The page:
By Whitney South, Best of London. 10.03.18
If a picture is truly worth a thousand words, there’d be no one better to pen the history of Rock ‘n’ Roll than John Rowlands.
For over 55 years, the revered music photographer has been capturing shots of some of music’s iconic moments, and most famous faces.
And man, does he have some stories to tell.
Now, he’ll be sharing some of the best during Rock & Roll Memories at The Palace Theatre on Saturday, Oct. 13.
“The first time, I went on a tour of 15 cities, and sold out every single one,” he said. “People seem to like to relive the memories of music when they were young . . . it’s always so much fun.”
From six tours with The Rolling Stones, to capturing intimate moments with John Lennon and Yoko Ono, to front-row access for Johnny Cash’s proposal to June Carter right here in London, Rowlands has been leaving his mark on popular culture for decades.
It’s a long way from the day he first borrowed his father’s camera to take pictures of Lassie at the Western Fair.
His big break came on Sept. 26, 1960, when American chart-topper Brenda Lee performed in Ottawa.
“It was so fantastic just to go to the show, it was a dollar and a half,” he recalled with a smile. “I took 12 whole pictures, which was unheard of in those days. You’d take two shots of your grandparents when they came to the barbecue — 12 shots would take a year to get through.”
On the way out, Rowlands ventured down the hall to the dressing room and knocked.
“Brenda’s mom opened the door, and I told her I just wanted to thank Brenda for a great show.
She told me to come on in and tell her myself. That one night changed my life.”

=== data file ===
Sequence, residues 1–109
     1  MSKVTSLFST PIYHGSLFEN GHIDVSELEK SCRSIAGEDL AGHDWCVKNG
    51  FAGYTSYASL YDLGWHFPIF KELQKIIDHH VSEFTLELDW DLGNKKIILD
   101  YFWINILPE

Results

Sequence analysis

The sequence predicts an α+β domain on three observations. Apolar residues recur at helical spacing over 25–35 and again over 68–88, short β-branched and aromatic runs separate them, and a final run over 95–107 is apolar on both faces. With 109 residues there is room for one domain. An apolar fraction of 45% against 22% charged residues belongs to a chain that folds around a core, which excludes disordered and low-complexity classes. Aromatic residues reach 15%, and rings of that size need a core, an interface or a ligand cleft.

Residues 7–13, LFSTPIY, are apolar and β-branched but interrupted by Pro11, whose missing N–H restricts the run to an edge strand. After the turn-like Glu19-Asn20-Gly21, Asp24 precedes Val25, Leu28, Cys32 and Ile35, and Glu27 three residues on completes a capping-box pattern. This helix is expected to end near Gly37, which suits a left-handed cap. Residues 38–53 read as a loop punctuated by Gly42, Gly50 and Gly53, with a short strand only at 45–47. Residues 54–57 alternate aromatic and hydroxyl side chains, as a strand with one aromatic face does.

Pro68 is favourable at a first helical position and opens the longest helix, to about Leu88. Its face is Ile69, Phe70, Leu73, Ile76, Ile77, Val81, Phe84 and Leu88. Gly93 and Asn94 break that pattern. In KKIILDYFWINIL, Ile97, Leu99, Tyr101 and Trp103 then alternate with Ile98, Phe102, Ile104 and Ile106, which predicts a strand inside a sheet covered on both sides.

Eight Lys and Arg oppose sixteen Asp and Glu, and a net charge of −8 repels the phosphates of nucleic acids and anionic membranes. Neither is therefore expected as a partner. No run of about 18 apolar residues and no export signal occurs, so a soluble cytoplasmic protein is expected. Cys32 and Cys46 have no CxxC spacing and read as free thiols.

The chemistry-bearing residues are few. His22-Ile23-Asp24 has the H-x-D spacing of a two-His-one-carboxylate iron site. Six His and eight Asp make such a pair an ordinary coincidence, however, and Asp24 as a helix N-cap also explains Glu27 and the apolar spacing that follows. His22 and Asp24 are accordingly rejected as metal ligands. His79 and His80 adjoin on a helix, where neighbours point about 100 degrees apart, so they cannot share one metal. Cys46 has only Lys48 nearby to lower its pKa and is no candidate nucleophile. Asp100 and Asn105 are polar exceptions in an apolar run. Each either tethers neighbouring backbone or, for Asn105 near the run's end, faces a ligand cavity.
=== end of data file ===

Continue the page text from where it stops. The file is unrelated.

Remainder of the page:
Lee recommended Rowlands reach out to a friend of hers, for a possible gig taking photos of a guest on the local Coca Cola Campus Club radio show. The idea was, if he showed up, snapped some pics and gave the film to the manager, he’d make $50 — which was big money for a 13-year-old at the time.
From there, jobs for 16 and RPM Magazine soon followed, as well as stints capturing gold record presentations for major record labels.
While getting the chance to work with top names from Elvis to Alice Cooper, The Beatles to Bob Dylan, has always been an adventure, some of the most standout moments for Rowlands can be traced back to his time spent with iconic rocker David Bowie.
“He really was such a family guy . . . one thing his wife Iman told me was the first time they met, they were dancing, and he was already figuring out their kids’ names,” Rowlands said with a laugh. “He was the most creative person I’ve ever gotten to work with.”
Bowie is also the subject of the artist’s favourite photo to date, The Archer, which was shot at Maple Leaf Gardens in Toronto.
These days, Rowlands continues to photograph both celebrities and rising stars, as well as speak at conferences, festivals and fundraisers across North America.
Even after all these years, capturing that perfect moment is a pursuit he’ll never give up, no matter what.
“In 1954, when I was a kid there was a book out called The Little Engine That Could. As silly as that may be, that’s all you need,” he said. “It’s not an education at the Sorbonne, it’s not shooting for National Geographic in the most remote places, it’s I think I can do it. That’s what got me where I am today. It’s just that easy.”
Rock & Roll Memories, an evening with legendary music biz photographer John Rowlands takes place at The Palace Theatre (710 Dundas St.) on Saturday, Oct. 13.
For more information, or for tickets, visit www.palacetheatre.ca.
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